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If using your knife for a routine kitchen task—dicing, slicing, and chopping—feels like a battle between the food and your hand, it may be time to treat your most indispensable kitchen tool to some TLC, aka sharpening. A dull knife causes fatigue and often leads to accidents due to how much pressure you are likely to exert when using it.
The best knife is one that is sharp. Although getting your knife professionally sharpened is an option, it requires planning a trip to the store or sending in your knives by mail. A sharpening stone in your own tool kit will allow you to hone and sharpen your knives on a regular basis. No planning required.
Sharpening stones or whetting stones work through controlled abrasion by removing the metal along the edge of the knife as it moves along the coarse surface of the stone. The type of material of the stone and the coarseness determine how much metal on the knife is removed. Sharpening stones are available as oil stones, water stones, or diamond stones.
To help you select the best tools to keep your knives “on edge," here are the best sharpening stones currently on the market.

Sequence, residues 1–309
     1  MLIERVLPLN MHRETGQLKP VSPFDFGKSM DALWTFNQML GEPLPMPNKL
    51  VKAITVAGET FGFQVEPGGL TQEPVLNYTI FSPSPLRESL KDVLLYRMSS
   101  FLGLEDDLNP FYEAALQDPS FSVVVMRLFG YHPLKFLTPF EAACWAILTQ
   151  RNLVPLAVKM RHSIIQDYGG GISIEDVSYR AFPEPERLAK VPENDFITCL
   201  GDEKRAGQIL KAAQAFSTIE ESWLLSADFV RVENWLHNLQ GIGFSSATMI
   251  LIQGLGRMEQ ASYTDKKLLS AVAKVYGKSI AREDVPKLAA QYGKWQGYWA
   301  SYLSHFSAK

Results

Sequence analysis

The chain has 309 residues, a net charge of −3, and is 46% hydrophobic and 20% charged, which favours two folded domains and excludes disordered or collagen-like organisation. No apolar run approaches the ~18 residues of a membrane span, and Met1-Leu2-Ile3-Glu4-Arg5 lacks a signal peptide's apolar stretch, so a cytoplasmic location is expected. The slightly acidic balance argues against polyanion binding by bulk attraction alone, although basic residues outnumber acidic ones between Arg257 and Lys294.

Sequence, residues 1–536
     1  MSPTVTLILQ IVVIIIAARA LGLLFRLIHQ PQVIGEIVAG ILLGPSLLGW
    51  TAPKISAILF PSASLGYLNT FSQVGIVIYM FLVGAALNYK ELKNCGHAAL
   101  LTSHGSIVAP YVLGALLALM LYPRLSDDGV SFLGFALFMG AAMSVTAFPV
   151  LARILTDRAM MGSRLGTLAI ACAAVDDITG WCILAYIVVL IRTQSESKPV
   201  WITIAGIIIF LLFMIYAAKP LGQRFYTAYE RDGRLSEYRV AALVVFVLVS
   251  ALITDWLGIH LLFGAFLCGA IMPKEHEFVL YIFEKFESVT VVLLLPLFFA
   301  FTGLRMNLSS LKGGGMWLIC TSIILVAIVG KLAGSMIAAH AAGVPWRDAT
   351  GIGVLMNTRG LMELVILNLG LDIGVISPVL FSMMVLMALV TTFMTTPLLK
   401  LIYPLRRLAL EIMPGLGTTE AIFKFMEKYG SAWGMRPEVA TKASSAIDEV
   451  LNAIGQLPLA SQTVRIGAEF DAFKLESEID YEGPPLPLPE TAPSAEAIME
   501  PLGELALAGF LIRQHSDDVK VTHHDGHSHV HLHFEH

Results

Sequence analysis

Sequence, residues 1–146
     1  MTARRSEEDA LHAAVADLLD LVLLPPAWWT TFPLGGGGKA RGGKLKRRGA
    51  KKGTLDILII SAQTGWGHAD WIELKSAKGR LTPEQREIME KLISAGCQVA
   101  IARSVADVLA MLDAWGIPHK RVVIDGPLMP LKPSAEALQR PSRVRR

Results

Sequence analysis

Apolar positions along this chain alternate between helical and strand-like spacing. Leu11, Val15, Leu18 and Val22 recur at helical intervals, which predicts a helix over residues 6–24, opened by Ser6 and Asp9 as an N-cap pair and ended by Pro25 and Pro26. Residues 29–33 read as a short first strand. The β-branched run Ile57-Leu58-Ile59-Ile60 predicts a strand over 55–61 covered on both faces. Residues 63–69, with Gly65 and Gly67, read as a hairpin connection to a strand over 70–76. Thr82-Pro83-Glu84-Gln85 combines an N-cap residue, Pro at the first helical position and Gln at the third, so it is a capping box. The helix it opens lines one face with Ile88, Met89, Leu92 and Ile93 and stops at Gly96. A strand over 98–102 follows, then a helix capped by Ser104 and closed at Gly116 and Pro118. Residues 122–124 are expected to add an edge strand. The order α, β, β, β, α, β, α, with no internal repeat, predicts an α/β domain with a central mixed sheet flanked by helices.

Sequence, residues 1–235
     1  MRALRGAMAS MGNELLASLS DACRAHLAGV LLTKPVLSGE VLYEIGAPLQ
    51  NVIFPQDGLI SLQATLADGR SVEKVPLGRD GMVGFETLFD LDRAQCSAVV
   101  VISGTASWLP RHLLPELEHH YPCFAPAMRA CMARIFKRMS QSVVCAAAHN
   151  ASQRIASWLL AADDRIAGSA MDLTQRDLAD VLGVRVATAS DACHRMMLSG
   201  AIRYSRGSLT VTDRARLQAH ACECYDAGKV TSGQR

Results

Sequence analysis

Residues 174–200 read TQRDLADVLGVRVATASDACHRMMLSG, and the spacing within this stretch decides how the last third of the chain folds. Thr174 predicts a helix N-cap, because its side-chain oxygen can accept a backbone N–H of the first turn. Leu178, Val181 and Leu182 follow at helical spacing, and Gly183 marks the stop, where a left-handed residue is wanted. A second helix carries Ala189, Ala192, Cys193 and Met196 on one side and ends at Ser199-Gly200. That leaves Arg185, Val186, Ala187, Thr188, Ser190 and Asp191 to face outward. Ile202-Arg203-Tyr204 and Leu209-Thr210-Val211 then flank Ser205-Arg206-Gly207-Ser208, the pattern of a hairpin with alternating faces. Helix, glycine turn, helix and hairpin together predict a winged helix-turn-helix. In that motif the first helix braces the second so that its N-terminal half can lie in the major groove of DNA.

Best Overall: Naniwa Chosera 3,000 Grit Stone With Base
Comes with a base
Splash and go
Can't be used after it thins down
The Chosera from Naniwa is a hard-wearing, splash-and-go (meaning you don't have to soak, just splash a bit of water) stone that creates an outstanding edge on knives. The stone is bonded with magnesia and has finely graded abrasive particles in a high density resulting in sharp edges on the blades. You do not need to soak the Naniwa Chosera stone in water, although it is recommended to keep some water handy to lubricate the stone as you sharpen.
Designed with “cutting-edge” technology and generously sized at 210 x 70 x 25 millimeters, this stone quickly sharpens any type of steel and will last a long time. The Chosera comes with a base attached and a cleaning stone is also included in the kit.
Grit: 3000 | Design: Single face with base | Type: Synthetic water stone
Stone feedback: The feeling when you use the stone varies from smooth and creamy to gritty, hard, and scratchy. It has no positive or negative effect on the knife sharpening, however, a distracting noise from the stone can make the sharpening process less enjoyable.
Best Budget: Sharp Pebble Premium Whetstone Knife Sharpening Stone
Includes base and angle guide
Great for beginners
Needs to soak in water before use
The Sharp Pebble is a budget-friendly option for beginners. This double-sided stone comes with commonly used grits of 1000 and 6000, a base, and an angle guide. You sharpen your knife on the coarse side and hone it on the fine side. The stone fits into the base for a snug fit and the angle guide helps you practice how to correctly hold the knife while sharpening. This is a water stone that requires soaking in water for at least 10 to 15 minutes before you can use it.
Our tester noted that the included guide is best used on western-style, mid-sized knives, but may not be helpful for oversized knives. She also pointed out that different knives take different amounts of time to sharpen, depending on their size, shape, and metal material. But all knives were eventually sharpened to a fine edge.